In the tradition of Catholic religious orders, this year is a jubilee year for Pariante -- the 25th anniversary of his taking vows as a Marianist. He taught mathematics, American history and theology in Marianist schools in New York and California as a religious brother before being ordained a priest in 1990. A New York native and son of Italian immigrants, he has master's degrees from Columbia University and the University of Toronto.

His years in Catholic schools were background for one of his most visible effects on St. Louis, one that was not universally applauded by island parents and boys.

"One of the accomplishments I am most proud of is bringing a sense of discipline and moral values to the students," he said. "That included the changed dress code and discipline code. Under my reign we established a 3-inch hair rule, no facial hair, no ponytails, no earrings, dress slacks instead of jeans, Thursday as shirt-and-tie day ... and greater consistency to the enforcement of rules to all students."

Discipline leads to freedom

Pariante's history at St. Louis will forever be told in terms of the "discipline" he meted out in the fall of 1998 to football players who damaged a Las Vegas hotel room in a drinking party and their coach-chaperones who failed to monitor them. He suspended some players, forfeited a game with Kamehameha Schools and docked the pay of some coaches.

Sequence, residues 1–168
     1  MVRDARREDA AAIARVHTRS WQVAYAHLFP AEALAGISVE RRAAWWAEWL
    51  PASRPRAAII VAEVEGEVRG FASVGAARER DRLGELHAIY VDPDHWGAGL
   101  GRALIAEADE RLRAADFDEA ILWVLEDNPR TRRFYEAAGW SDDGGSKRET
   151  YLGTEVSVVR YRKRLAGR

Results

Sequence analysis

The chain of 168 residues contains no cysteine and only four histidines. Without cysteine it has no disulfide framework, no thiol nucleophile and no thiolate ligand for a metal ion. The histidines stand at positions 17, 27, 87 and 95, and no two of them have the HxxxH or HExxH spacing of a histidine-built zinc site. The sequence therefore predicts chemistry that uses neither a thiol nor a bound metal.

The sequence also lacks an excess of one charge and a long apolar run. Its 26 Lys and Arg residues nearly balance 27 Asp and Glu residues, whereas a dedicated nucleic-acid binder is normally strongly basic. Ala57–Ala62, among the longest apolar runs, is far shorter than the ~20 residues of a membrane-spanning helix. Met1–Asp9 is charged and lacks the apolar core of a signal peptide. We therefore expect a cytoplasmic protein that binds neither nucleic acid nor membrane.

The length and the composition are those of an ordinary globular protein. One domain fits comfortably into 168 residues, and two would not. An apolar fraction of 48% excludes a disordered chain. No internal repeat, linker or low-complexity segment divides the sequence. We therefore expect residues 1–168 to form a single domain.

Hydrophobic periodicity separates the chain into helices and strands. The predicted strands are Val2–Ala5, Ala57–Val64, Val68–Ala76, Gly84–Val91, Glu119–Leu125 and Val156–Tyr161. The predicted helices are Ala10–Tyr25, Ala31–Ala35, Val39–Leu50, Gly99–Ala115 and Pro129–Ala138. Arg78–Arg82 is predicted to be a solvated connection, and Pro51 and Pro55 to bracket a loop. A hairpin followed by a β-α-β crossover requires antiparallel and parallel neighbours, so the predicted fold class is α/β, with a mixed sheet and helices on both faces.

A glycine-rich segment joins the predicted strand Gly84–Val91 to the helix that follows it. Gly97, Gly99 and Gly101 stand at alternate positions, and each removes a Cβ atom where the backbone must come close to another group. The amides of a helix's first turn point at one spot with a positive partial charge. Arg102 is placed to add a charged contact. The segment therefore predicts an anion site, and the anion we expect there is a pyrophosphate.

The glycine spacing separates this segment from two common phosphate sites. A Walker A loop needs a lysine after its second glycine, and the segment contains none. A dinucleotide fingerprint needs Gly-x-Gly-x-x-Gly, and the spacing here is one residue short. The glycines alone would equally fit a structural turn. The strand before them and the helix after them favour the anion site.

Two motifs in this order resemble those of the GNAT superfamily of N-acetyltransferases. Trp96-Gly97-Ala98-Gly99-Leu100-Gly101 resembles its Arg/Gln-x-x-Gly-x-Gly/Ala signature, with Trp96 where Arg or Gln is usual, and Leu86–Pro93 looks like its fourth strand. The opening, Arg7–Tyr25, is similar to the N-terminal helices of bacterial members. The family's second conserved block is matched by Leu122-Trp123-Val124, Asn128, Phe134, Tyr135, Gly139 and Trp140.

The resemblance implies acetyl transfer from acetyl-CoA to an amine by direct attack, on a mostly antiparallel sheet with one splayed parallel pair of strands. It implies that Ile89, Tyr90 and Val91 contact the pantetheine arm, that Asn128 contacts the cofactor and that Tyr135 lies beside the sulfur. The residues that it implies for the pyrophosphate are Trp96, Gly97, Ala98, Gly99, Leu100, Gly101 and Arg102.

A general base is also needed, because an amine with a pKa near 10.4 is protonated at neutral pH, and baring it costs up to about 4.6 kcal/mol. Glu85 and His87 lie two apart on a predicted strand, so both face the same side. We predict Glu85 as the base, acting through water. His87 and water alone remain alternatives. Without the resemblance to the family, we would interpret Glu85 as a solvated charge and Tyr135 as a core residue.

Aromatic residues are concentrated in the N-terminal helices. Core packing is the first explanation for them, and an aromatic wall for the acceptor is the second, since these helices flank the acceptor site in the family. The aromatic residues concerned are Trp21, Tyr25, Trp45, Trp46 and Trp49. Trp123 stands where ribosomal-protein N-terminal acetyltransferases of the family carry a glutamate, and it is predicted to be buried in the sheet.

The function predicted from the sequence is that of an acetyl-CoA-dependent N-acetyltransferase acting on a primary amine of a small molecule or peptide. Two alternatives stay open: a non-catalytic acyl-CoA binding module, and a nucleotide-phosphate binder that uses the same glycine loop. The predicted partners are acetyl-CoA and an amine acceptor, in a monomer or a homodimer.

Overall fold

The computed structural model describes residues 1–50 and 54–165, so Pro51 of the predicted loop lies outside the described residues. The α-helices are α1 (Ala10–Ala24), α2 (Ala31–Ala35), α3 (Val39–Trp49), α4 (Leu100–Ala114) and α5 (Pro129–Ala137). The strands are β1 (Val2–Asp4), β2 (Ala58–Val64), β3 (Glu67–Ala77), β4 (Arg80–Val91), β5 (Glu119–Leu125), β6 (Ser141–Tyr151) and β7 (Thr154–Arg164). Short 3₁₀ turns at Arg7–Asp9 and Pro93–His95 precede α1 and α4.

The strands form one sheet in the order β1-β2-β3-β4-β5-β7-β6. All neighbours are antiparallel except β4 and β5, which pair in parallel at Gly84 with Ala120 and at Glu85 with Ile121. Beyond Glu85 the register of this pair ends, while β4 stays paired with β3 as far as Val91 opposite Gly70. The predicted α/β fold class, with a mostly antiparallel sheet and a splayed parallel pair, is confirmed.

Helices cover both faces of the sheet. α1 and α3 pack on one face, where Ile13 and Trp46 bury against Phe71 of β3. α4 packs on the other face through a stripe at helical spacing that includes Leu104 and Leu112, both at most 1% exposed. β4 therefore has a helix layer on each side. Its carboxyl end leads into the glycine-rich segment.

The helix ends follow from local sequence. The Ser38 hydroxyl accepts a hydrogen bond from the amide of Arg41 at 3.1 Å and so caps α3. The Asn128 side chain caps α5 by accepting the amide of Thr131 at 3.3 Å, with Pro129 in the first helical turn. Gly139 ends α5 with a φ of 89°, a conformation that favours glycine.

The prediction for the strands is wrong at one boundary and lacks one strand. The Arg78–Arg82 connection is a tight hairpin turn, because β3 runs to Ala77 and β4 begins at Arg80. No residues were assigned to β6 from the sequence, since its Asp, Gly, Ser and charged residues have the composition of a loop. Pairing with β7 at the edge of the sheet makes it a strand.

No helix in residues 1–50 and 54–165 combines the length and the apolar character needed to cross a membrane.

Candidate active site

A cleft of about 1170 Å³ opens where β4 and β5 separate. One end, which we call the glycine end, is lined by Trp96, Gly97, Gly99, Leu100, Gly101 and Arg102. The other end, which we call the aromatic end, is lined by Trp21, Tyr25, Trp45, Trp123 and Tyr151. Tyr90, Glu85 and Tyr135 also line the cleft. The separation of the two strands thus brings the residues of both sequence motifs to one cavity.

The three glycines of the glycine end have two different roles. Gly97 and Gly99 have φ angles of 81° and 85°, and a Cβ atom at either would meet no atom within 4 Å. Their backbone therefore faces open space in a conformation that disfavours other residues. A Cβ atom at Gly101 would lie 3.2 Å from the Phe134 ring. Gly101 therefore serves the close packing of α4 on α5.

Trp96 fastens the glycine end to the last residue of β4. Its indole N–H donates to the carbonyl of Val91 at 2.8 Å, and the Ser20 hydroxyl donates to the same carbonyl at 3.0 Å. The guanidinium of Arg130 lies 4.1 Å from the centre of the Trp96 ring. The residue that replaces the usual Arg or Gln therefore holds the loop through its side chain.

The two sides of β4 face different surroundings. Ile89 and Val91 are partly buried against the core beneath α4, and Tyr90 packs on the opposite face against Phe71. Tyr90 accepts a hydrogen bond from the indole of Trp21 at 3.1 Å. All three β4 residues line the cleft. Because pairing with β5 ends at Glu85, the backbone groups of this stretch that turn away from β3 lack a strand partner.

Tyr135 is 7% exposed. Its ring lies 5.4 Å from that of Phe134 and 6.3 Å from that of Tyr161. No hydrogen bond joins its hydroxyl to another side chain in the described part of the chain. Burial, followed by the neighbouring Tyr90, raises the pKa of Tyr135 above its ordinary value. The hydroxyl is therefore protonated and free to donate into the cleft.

"In the broader sense the word 'discipline' means the ability of any individual to structure their life to gain a skill or a talent that frees them in the future to be able to perform a task or seek a job or career," said the teacher-priest. "For example, discipline is sitting down and playing a piano, the scales, every day, so that in five years you are able to improvise. There is a freedom that comes from discipline.

"Young people often seem to want freedom and liberty to do whatever they want, but deep inside they often realize that discipline, at first imposed and later accepted, gives them the freedom to improvise and create because of the skills that discipline provides."

Complete faith in letting go

Pariante said he will take the rest of the year off to rest and relax, including some golf -- he hopes "to take five points off my game." He said he intends to remain in Hawaii at least into next summer while seeking employment here or on the mainland. He directed the Chaminade University campus ministry for six years before being named president, and said he is willing to help in similar pastoral work while he is here. "I've never lacked for employment, so I am not worried about the future."

"St. Louis School was my child for 2 years, and you work very hard to bring that child along with the help of so many people," he said.

"At times it's very painful to let go of a child, but that is exactly what a good parent and good person does. This is my time to pass it along with the complete faith and hope that as the child stumbles along and moves ahead, it is going to grow up even better without you. I have that faith."